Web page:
OPINIONS: Rebbi Yehudah ben Beseirah teaches that if Nochrim besiege the Azarah with arrows and other artillery, making it impossible for the Kohanim to enter the Azarah in order to eat Kodshim, the Kohanim may enter the Heichal (as the text appears in Menachos 8b, and as emended by the Shitah Mekubetzes here) and eat Kodshei Kodashim there. He derives this from the verse, "ba'Kodesh ha'Kodashim Tochlenu" -- "in the Kodesh ha'Kodashim you shall eat it" (Bamidbar 18:10).

Does this verse permit the Kohanim to eat Kodshim only in the Heichal, or even in the Kodesh ha'Kodashim?

(a) The RAMBAN (to Bamidbar 18:10, quoting the Sifri) writes that Rebbi Yehudah ben Beseirah's teaching applies to the Kodesh ha'Kodashim as well. He chose to mention the Heichal, but he also could have said that if the Heichal was surrounded, then the Kohanim could enter the Kodesh ha'Kodashim and eat their Kodshei Kodashim there. This also seems to be the straightforward meaning of the verse, which uses the term, "Kodesh ha'Kodashim," instead of "Ohel Mo'ed."

The SHA'AR MORDECHAI cites proof for the Ramban's view from the Gemara earlier (56a) which says that the area of the Azarah was 187 Amos by 135 Amos, which includes the Kodesh ha'Kodashim. Rav Nachman there says in the name of his father that throughout all of this area, the Kohanim may eat Kodshei Kodashim, thus including the Kodesh ha'Kodashim in the area in which the Kohanim may eat their Kodshim.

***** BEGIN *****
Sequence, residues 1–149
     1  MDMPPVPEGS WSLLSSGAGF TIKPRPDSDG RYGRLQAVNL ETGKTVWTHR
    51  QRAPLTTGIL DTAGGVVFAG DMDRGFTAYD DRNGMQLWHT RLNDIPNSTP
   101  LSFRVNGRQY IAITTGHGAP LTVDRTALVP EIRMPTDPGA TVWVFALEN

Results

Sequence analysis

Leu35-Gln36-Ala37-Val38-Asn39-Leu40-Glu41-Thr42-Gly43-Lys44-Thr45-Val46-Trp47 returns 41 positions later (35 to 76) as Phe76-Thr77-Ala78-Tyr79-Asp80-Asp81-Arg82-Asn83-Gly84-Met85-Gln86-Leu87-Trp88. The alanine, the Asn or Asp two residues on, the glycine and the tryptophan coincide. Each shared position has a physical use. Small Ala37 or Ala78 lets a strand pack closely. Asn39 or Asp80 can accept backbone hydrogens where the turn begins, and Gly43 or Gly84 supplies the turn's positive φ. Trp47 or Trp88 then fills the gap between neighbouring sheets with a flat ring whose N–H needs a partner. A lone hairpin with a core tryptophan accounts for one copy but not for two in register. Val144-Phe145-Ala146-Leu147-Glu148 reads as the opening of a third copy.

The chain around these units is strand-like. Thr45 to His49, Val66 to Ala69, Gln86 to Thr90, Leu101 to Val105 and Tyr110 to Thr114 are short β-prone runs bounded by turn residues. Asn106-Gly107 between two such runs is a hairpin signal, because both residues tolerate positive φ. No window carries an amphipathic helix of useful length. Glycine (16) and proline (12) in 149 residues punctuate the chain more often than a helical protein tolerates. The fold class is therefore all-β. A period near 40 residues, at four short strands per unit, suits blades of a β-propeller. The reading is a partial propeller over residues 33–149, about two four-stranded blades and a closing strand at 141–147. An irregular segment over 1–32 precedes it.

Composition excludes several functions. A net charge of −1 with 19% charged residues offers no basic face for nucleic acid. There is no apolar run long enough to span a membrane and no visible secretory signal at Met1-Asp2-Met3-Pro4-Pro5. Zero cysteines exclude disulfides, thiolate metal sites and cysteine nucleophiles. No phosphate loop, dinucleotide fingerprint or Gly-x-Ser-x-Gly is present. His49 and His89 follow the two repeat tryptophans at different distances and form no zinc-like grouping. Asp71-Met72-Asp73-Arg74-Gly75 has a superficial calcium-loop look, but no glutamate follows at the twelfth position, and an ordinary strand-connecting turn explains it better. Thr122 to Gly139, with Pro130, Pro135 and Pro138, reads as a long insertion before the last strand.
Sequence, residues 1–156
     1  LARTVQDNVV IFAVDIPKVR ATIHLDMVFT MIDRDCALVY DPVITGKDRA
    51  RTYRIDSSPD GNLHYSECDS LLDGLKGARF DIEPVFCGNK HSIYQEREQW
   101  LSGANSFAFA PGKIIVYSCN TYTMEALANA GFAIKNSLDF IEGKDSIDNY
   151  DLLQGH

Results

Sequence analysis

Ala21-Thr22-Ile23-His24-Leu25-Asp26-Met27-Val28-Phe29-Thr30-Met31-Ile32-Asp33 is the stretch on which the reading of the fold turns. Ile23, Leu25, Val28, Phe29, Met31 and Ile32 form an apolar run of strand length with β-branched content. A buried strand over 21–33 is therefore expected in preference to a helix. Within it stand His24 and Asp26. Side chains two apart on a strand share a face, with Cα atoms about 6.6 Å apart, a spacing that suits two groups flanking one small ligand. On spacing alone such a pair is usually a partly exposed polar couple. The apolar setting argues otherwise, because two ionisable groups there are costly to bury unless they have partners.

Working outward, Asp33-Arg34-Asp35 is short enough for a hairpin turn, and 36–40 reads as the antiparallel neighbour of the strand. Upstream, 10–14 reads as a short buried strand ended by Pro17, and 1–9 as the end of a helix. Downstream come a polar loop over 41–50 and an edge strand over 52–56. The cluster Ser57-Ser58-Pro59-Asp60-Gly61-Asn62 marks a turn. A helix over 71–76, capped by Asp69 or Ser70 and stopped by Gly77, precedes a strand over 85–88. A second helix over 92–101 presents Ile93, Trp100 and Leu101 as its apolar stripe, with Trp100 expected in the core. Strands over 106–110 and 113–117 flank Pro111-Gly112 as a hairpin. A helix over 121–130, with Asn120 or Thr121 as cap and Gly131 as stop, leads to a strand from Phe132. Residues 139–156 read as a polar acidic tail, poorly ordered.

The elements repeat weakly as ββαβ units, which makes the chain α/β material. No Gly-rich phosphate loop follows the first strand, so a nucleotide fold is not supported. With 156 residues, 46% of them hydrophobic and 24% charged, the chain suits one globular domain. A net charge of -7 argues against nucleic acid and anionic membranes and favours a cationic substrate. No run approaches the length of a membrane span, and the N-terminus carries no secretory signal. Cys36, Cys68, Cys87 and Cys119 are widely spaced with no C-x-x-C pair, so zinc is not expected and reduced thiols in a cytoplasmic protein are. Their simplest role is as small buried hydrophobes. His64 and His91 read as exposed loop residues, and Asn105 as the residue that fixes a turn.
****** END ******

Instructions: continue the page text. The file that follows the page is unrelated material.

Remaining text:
The MINCHAS CHINUCH (Mitzvah 184:6) says that this ruling is relevant to another question. The Minchas Chinuch inquires what the Halachah would be in a case in which one enters the Heichal in order to eat the meat of a Korban at a time when Nochrim are not besieging the Azarah. Would he receive Malkus, just as a Kohen who enters the Heichal for no reason receives Malkus, or does the prohibition to enter the Heichal for no reason not apply since the Torah explicitly permits entering the Heichal in order to eat Kodshim there at a time when Nochrim are besieging the Azarah? The Minchas Chinuch suggests that once the Torah permitted entering the Heichal during a siege, it is not included in the prohibition at all. He comments that if this logic is extended to the opinion of the Ramban, then one who walks into the Kodesh ha'Kodashim to eat Kodshei Kodashim should not be punished by Misah b'Yedei Shamayim, since it is not included in the prohibition against walking into the Kodesh ha'Kodashim for no reason.